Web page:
Orchestra Hall on Sunday 10.2

Arguably the world's premier contemporary jazz orchestra, led by one of the most significant current figures in jazz, Marsalis and the JLCO will be celebrating the imminent 50th birthday of the New Orleans-born trumpet maestro and music director. The repertoire reportedly will be a retrospective of Marsalis's big-band work, which draws strongly on classic jazz, Ellingtoniana, and Crescent City tradition, as well as innovative projects such as the Pulitzer-winning Blood on the Fields. Besides Marsalis, JLCO features some of the premier jazz artists of our time, including clarinetist Victor Goines and trumpeter Marcus Printup, who are also among the JLCO folks backing Marsalis and Eric Clapton on their brand new Play the Blues, a spectacular, joyous collaboration of the blues in the context of New Orleans jazz. Clapton's unlikely to be lurking in the wings, but standards like "Just a Closer Walk with Thee" just might work their way into the set. $35-$70. 7 p.m. 1111 Nicollet Mall, Minneapolis; 612.371.5656. —Rick Mason

Esparanza Spalding

O'Shaughnessy Auditorium on Tuesday 10.4

Brace yourselves 
for the Rapture
Ruvan Wijesooriya
Brace yourselves for the Rapture

Location Info


The Varsity Theater

1308 4th St. SE
Minneapolis, MN 55414

Category: Movie Theaters

Region: University

For best new artist at this year's Grammy Awards, the academy was widely expected to leave it to Bieber. But confounding widespread cynicism and the group's clueless reputation, the award—shockingly but deservedly—went to jazz bassist, singer, and composer Esperanza Spalding. With three albums, sessions with the likes of Joe Lovano and McCoy Tyner, and even a White House performance in 2009, she's not exactly a new artist. But why quibble? With her now considerably higher profile, including a recent fashion spread in the New York Times, Spalding is playing the larger O'Shaughnessy for this last installment of her Chamber Music Society tour. That album, with a chamber string trio augmenting her jazz group, explores the jazz-classical nexus while showcasing both her instrumental and vocal prowess, particularly as a supple scat singer, in addition to her impressive Brazilian inclinations. Spalding will be back (in Hopkins) later in October as a member of Lovano's Us Five ensemble. All ages. $37-$67. 7:30 p.m. 2004 Randolph Ave., St. Paul; 651.690.6700. —Rick Mason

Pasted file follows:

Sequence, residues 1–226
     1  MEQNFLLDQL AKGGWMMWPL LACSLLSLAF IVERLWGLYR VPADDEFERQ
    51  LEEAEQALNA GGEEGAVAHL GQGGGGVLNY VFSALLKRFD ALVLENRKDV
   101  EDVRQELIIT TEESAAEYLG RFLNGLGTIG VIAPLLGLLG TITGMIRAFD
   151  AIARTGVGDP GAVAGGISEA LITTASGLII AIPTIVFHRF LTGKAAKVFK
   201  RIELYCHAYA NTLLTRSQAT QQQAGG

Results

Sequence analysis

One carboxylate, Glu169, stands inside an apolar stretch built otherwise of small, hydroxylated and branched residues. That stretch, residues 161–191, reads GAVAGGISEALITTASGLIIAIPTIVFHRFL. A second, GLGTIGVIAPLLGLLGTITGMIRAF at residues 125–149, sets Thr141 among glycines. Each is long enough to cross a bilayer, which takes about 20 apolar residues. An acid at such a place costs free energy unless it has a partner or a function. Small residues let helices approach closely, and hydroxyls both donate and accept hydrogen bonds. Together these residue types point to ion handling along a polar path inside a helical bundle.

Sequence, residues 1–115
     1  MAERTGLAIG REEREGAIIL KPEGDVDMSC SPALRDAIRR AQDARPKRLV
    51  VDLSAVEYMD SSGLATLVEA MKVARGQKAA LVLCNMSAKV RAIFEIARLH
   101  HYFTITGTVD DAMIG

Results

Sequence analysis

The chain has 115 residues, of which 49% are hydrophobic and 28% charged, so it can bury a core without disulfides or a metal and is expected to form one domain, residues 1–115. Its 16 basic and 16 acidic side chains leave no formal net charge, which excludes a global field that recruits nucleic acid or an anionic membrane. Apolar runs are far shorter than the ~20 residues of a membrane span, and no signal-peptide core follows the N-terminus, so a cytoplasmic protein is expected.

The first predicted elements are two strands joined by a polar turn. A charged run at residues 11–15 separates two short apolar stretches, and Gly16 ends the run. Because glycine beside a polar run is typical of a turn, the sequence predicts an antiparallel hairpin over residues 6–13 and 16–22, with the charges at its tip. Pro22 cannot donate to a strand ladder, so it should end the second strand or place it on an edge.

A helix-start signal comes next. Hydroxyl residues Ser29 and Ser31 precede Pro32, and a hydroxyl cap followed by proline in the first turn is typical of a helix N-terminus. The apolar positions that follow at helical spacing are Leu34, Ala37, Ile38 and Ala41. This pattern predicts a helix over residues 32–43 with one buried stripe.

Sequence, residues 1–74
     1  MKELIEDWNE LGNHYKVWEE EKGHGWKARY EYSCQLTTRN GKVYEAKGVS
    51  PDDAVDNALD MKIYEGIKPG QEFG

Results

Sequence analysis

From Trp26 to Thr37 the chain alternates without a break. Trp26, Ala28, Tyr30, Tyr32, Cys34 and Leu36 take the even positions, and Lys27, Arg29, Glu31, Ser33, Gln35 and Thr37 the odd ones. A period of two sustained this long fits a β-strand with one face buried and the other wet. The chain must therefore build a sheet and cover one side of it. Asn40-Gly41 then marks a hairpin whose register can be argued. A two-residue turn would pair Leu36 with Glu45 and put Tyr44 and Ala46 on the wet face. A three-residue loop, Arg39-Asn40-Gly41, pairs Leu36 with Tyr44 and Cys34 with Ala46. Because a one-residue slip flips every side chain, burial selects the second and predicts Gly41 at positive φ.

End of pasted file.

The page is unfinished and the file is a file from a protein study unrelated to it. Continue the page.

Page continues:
With the release of their eponymous fourth studio album, the North Carolina-based, Eau Claire-bred trio Megafaun have only complicated efforts to categorize their ambling, freely roaming, sometimes experimental sound. But at the same time, and in logically contradictory fashion, the band has solidified its identity with the new disc (recorded at former bandmate Bon Iver's Wisconsin studio), its disparate threads shooting wildly from a rootsy, Americana freak-folk core to the fringes of jazz and avant-garde. "Real Slow" could be American Beauty-era Grateful Dead. "Get Right" is a jangly rocker with a growing undercurrent of noisy insurrection. The swirling instrumental "Isadora" sprouts horns that shift from stately to raucous territory somewhere between the Balkans and Caribbean while vibes and banjo negotiate multiple time-signature changes. "Scorned," a cover of a gospel standard recorded by the Staple Singers, is spare blues haunted by a ghostly harmonica's wail. "Serene Return" is a scrum of bubbling electronics, industrial drone, and murmuring vocal choruses. Opener Doug Paisley is a well-regarded Canadian singer-songwriter with equal debts to country and folk masters like Hank, Woody, and Townes. The songs on his Constant Companion, mostly about fractured love, are remarkable for their richness of expression despite a prevailing spare, arid, plainspoken quality. Paisley sings with a confiding warmth, fitting nicely with his understated but expressive guitar, Garth Hudson's (of the Band) striking keyboard work, and vocal duet partners, including Leslie Feist on "Don't Make Me Wait." All ages. $15. 7 p.m. 416 Cedar Ave S, Minneapolis; 612.338.2674. —Rick Mason

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